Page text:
One parent I spoke with explained: “Shows are packed full of commercials that say “you’ve got to have it right now.” My younger son gets totally consumed. He’ll come up to me and say, “You know what I want for my next birthday? I want the Bionicles because it does this and it flies like that!”
Research tells us that many parents eventually give in to their youngsters’ unrelenting requests for something new. However, bolstering children’s media literacy, their ability to think more critically about what they’re listening to and watching, goes far in helping children to develop impulse control and bypass the attitude that buying something new leads to lasting gratification. (See the sidebar for help with this.)
Learning How to Spend
Impulsive spending and ignorance about money basics can contribute to a materialistic perspective. Every two years, the Jump$tart Coalition for Financial Literacy surveys high school students across the country to assess their financial smarts. In 2006, respondents scored an average of 52.4 percent on the survey, which means that they answered only a little more than half of the questions correctly. And teens who don’t understand how credit cards work, how to save and budget their money or how to invest are both poorly prepared for independent living and more at risk for irresponsible spending. Teenagers and college students are thus finding themselves in debt because of the promise of instant gratification as well as an inadequate understanding of credit.
It is critical to start a youngster’s financial education early. Even very young children can learn fundamentals like coin identification (does a dime or a quarter have more value?) and how to count money. As children mature, they can learn more sophisticated concepts, including how to balance a checking account, pay bills and fill out tax forms.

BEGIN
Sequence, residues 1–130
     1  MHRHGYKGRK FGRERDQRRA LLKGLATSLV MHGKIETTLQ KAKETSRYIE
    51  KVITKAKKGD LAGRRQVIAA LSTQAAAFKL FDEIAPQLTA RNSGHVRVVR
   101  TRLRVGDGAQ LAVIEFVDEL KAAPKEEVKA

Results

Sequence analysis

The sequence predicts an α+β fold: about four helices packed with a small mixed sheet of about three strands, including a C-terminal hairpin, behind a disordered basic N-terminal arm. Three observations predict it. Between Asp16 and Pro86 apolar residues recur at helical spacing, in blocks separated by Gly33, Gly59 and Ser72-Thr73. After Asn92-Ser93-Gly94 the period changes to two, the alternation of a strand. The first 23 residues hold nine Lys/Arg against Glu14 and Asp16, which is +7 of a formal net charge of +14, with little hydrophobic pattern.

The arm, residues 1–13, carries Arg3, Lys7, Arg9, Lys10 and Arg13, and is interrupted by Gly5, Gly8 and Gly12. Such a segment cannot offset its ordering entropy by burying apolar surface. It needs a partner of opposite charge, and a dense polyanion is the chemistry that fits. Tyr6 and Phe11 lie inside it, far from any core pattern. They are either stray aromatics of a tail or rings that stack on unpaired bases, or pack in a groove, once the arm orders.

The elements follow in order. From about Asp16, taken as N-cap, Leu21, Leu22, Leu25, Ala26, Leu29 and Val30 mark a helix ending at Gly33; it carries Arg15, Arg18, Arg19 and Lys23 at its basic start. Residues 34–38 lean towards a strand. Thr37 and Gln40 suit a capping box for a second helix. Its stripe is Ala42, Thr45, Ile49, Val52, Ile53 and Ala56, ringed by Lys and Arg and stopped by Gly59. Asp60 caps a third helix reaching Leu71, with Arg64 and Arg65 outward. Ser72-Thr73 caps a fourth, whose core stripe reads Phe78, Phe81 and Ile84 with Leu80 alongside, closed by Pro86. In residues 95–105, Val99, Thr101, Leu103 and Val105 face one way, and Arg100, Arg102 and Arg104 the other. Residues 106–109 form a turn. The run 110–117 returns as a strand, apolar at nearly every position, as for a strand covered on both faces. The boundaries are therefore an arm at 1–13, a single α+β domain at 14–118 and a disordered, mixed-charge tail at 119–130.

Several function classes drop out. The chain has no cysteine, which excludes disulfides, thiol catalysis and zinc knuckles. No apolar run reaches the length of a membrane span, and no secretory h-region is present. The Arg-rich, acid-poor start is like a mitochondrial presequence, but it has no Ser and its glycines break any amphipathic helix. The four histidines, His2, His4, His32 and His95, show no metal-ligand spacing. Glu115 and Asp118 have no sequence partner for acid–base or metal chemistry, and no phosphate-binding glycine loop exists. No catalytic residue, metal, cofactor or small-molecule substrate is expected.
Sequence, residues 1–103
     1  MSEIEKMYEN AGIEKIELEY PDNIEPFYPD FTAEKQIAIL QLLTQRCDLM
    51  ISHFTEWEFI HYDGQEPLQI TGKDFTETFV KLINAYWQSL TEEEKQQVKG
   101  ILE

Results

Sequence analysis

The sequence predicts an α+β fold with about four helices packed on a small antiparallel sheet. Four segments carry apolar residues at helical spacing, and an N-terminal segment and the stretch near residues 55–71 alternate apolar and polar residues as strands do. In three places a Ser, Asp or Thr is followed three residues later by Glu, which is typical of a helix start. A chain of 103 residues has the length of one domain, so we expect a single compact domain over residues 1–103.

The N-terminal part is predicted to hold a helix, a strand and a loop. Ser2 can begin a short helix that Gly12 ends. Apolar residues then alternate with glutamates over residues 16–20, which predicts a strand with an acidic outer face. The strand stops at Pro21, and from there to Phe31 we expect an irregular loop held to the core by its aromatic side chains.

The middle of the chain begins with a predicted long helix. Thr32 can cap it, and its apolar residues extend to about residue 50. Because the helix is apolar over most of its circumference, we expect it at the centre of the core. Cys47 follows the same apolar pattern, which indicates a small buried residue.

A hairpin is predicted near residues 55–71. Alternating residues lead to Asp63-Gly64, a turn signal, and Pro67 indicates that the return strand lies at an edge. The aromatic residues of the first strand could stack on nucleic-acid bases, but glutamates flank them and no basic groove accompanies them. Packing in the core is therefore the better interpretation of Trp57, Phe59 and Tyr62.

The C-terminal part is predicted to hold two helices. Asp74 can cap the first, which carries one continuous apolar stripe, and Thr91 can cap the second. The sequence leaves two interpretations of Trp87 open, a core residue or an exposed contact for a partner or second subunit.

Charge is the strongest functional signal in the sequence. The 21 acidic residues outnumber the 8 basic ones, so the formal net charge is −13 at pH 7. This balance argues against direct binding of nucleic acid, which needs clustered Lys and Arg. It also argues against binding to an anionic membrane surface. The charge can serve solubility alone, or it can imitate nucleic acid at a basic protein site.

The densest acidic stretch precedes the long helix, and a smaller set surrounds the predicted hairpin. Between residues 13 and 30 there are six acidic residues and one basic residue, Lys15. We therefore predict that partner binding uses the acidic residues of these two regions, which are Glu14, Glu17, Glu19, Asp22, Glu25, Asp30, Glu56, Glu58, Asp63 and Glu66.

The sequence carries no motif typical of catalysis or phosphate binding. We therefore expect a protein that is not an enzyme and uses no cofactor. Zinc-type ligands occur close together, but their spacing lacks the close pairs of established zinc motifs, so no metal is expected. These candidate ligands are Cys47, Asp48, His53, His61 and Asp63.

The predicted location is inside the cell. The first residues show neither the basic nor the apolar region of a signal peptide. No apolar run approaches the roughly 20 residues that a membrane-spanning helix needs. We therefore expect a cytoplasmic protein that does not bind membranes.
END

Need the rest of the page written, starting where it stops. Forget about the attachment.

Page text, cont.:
There are many age-appropriate ways to foster your child’s financial literacy.
Consider opening a savings account for your child so he can learn about income and interest rates.
Or, once a youngster has some source of income, think about instituting a “jar system.” Your personalized system might include a jar for long-term saving, one devoted to saving for a desired item, one for community donations and a ready-money jar for small purchases, a sweet treat or an inexpensive toy that just can’t wait.
Most importantly, talk with your child about money. For some of us, money is an uncomfortable, even taboo subject. However, a well-informed child is less likely to use money to soothe emotions or to spend without thinking.
Questions and tips to initiate discussions about media with your child
- Does the toy being advertised look like this in real life? Would you need any extras that don’t come with the toy?
- Have you seen a commercial like this before? Who do you think it’s designed to target? Would you want this product if you hadn’t seen it advertised? What makes it seem appealing?
- Consider a “buying journal” that the whole family contributes to. Keep track of everything you buy for a week. How many items in the journal were discovered through advertisements?
- Talk about how each family member uses the home computer. Is the use educational, social or consumer-oriented? Is anyone “addicted” to the computer?
- Consider taking a collective TV diet for a week or a few days. What do you learn about yourself? What do you learn about your family?
Books on Materialism
- I Want It Now: Navigating Childhood in a Materialistic World (Palgrave MacMillan), by Donna Bee-Gates
- Money Doesn’t Grow on Trees: A Parent’s Guide to Raising Financially Responsible Children (Simon & Schuster), by Neale S. Godfrey and Carolina Edwards